The aim of this study was to compare the prevalence of lip and tongue piercing complications and explore the effect of ornament time wear period, habits, ornament morphology and periodontal biotype on the development of complications.
One hundred and ten subjects with 110 lip and 51 tongue piercings were assessed for abnormal toothwear and/or tooth chipping/cracking (dental defects), gingival recession, clinical attachment loss and probing depth of teeth adjacent to the pierced site.
Piercing habits (biting, rolling, stroking, sucking) were recorded. Wear time and habits significantly affected the prevalence of dental defects and gingival recession.
Pierced site significantly affected dental defects prevalence, with greater prevalence for tongue than lip piercing. Wear time significantly affected attachment loss and probing depth. Attachment loss and probing depth did not significantly differ between tongue and lip piercings.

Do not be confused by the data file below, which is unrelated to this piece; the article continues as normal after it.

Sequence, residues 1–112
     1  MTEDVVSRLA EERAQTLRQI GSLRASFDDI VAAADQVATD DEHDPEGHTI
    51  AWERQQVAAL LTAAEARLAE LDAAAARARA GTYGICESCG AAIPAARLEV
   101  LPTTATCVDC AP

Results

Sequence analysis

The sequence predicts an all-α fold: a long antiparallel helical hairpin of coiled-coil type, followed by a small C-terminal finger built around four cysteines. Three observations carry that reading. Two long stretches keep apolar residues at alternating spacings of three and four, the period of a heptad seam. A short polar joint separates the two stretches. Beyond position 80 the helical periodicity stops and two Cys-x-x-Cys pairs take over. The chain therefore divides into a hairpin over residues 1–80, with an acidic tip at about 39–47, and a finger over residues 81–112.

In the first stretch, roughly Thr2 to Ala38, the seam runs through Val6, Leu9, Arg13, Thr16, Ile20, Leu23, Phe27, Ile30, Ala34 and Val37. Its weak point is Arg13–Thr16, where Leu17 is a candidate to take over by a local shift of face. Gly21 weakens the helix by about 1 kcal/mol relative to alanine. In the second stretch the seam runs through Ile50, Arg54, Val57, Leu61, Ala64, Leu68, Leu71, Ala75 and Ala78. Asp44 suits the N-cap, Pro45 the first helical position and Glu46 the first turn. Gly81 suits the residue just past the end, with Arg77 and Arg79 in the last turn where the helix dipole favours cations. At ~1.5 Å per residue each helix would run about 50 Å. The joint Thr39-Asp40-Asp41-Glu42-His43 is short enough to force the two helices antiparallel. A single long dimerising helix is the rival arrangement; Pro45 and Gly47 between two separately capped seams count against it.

Gingival recession was significantly associated with ornament height closure and stem length of tongue ornaments.
Periodontal biotype was not significantly associated with gingival recession, attachment loss and probing depth. Dental defects prevalence is greater for tongue than lip piercing.
Gingival recession is similar for tongue and lip piercing. Longer wear time of tongue and lip piercing is associated with greater prevalence of dental defects and gingival recession, as well as greater attachment loss and probing depth of teeth adjacent to pierced sites. Ornament morphology affects gingival recession prevalence.
°Australian Dental Journal
°A Plessas, E Pepelassi